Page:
Fantasy--- the Literature of Alienation?
I came up with a rather boiletplate answer, that while SF's contract with the reader was "What you're about to read is possible (however unlikely)," the contract for fantasy was, "We are all agreed that what we're about to read is flat impossible, but will be interesting for other reasons."
Steve said (and I'm quoting from memory here, so I could get elements of this this wrong) that fantasy was a literature of alienation. In his view, there is a line of tension between the protagonist and the frankly impossible things that are going on around him/her, and that the fantasist plays on this tension for all it's worth.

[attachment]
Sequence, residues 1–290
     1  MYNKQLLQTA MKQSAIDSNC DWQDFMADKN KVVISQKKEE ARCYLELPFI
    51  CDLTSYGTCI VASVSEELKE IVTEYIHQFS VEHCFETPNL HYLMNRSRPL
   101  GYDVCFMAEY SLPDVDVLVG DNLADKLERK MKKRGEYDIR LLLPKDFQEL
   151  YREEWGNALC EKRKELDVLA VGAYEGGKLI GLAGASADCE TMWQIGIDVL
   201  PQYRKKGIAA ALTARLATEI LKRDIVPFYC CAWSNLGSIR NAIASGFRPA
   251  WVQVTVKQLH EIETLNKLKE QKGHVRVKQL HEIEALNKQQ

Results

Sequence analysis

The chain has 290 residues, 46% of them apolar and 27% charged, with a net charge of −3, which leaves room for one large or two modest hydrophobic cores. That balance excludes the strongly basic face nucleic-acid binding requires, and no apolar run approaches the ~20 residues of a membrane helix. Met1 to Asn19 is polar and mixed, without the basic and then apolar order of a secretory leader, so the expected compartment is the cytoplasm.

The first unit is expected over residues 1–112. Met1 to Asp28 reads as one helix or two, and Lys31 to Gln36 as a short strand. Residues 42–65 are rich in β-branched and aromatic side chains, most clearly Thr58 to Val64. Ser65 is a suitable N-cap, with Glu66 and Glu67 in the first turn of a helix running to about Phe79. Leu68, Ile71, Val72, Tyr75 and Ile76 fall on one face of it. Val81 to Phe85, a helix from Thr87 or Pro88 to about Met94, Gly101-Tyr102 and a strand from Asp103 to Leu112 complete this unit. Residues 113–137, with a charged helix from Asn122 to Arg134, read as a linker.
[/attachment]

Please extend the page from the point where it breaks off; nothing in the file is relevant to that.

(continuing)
Of course that's what the Covenant books are about, more or less explicitly.
Steve's theory seems to leave out the reader, who while submerged in the text is equally surrounded by impossible events. So if there's any alienation or tension going on, the reader is equally a part of it.
But is there necessarily alienation? A fantasy reader reads specifically for the impossible stuff: he/she may not be alienated from it at all.
Is alienation necessary in fantasy? Is it a literature of alienation?